PRESIDENT Michael Sata's opening speech of the third session of the 11th National Assembly in which he pledged his Government's commitment to pursue the country's development path was certainly breathtaking.
Zambia's noticeable economic growth, of around seven per cent of the Gross Domestic Product, coupled with the single-digit inflation rate, has become one area of commendation at home and abroad and has predictably engendered a good deal of respect for the Patriotic Front (PF) Government's development agenda and sound economic management.
President Sata's assurance that the Government will continue on this positive route of economic success is just the news many Zambians were expecting even before the Head of State marched into Parliament to face the expectant audience.
Not surprising, the President's speech was highly praised by those who listened to it, from his own Cabinet ministers to members of the diplomatic corps, as well as opposition leaders down to the ordinary person on the street.
In some instances, it would be quite unexpected for the opposition to welcome the President's opening speech, but this is what has exactly transpired.
For instance, Forum for Democracy and Development (FDD) Edith Nawakwi observed that President Sata has given direction.
For the FDD president, the onus is now squarely on Cabinet ministers to implement the pronouncements made in Mr Sata's speech.
The other leader who saw positives in the presidential address was Mafinga Member of Parliament (MMD) Catherine Namugala, who felt that the President articulated perfectly issues pertaining to the agriculture sector.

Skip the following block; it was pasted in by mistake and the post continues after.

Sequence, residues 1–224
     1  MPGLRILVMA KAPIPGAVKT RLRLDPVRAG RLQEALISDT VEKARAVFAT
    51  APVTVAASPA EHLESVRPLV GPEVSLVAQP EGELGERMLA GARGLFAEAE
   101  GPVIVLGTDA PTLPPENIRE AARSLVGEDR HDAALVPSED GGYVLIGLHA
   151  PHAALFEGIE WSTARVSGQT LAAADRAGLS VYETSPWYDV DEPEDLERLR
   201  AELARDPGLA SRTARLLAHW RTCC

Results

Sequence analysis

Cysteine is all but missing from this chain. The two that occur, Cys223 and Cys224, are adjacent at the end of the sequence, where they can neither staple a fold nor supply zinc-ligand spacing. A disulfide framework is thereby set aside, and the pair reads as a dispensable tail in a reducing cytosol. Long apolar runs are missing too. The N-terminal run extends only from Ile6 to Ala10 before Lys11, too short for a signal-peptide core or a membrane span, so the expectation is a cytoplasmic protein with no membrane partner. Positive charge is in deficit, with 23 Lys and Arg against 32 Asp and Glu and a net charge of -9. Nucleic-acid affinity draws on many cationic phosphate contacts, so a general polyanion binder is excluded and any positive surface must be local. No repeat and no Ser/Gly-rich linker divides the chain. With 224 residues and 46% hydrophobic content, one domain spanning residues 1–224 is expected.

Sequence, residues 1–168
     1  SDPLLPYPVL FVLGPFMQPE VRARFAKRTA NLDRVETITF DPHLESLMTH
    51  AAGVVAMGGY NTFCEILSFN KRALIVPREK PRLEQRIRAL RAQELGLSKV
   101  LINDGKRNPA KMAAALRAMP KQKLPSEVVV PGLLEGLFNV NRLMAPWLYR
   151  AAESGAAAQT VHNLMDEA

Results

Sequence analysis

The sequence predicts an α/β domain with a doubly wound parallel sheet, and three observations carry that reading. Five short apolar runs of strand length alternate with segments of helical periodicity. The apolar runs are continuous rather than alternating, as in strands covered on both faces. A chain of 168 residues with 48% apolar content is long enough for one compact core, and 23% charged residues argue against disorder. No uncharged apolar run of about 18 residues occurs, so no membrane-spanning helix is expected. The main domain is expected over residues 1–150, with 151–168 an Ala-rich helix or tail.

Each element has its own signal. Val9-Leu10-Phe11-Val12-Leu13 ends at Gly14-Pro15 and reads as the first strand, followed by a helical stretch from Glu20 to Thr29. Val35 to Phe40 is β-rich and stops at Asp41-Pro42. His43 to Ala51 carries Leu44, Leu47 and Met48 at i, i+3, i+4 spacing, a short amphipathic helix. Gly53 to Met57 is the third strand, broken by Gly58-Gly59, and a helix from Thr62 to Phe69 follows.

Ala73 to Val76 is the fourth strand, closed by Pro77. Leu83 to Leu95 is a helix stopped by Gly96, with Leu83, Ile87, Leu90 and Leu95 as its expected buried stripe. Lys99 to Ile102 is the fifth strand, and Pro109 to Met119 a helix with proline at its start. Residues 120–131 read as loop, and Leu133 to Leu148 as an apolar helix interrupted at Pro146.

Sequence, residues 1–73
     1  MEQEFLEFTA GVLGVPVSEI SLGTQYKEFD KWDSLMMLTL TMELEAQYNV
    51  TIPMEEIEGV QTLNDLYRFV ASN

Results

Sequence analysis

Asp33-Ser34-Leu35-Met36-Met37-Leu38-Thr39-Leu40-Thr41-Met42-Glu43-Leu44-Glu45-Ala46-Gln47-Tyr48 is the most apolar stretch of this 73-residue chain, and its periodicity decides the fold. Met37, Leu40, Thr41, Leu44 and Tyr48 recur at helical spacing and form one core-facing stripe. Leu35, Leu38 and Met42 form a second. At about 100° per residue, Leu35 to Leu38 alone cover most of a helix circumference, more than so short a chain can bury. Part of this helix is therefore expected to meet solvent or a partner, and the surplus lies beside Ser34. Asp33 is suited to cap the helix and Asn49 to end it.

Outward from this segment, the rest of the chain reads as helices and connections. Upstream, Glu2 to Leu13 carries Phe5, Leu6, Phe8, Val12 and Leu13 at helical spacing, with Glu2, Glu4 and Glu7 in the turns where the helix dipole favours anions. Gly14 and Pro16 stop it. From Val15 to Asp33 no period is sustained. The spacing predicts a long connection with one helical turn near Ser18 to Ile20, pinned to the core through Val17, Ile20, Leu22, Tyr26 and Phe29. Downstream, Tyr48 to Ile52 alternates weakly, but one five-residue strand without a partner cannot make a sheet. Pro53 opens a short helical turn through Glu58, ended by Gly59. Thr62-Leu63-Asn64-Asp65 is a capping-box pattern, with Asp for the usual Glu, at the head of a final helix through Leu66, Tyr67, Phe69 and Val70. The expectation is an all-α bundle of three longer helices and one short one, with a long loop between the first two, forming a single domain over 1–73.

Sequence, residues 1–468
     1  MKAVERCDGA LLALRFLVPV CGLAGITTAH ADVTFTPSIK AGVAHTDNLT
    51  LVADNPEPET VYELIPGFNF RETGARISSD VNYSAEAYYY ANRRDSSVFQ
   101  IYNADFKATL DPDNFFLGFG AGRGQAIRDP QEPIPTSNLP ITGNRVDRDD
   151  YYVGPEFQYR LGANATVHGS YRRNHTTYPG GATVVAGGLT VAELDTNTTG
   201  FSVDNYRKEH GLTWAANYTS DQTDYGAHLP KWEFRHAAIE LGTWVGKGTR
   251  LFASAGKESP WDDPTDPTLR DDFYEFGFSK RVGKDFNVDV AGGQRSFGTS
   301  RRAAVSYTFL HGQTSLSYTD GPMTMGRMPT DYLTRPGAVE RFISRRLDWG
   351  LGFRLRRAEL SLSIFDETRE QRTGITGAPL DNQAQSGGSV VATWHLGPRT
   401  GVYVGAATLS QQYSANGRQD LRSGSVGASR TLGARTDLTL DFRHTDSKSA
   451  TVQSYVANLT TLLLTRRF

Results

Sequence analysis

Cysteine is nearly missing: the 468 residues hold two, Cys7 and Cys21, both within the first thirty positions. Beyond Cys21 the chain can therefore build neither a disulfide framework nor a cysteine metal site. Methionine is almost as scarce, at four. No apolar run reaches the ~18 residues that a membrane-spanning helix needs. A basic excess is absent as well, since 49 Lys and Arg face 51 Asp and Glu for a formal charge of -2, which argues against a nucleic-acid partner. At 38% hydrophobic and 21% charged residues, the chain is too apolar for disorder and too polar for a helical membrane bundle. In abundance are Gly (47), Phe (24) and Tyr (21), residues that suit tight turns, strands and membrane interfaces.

Ms Namugala's sentiments were echoed by her Kalomo Constituency counterpart, Request Muntanga (United Party for National Development), who said President Sata had touched on critical agricultural issues which required action.
Incidentally, agriculture has now been acknowledged as one of the major sectors of development as the country attempts to diversify its economy and tackle the fundamental challenges facing many Zambians, especially unemployment which has adversely affected the youth.
Since the PF was ushered into office exactly two years ago, it has been faced with a mammoth task of improving the livelihood of ordinary citizens by finding ways of reducing widespread poverty.
The development projects the PF Government has embarked on have all been tailored towards meeting this extremely important objective.
For a start, the ongoing country-wide road works are intended to ease movement of people and their goods to market places and create employment opportunities for young Zambians.
Rehabilitation of hospitals and health centres, as well as construction of new ones in all districts of the country is meant to improve health delivery.
Building of schools, including universities and colleges, is equally an important aspect of the PF's development agenda as the Government wants as many young Zambians as possible to access formal education, thus far considered to be a pillar of national development.
In addition, there has been focus on the development of the tourism sector, whose prospects were brightened by Zambia co-hosting with neighbouring Zimbabwe, the United Nations World Tourism Organisation General Assembly last month.
Coupled with the clearly highly visible economic trends, all these developments are surely hints of hope which the President's speech rekindled.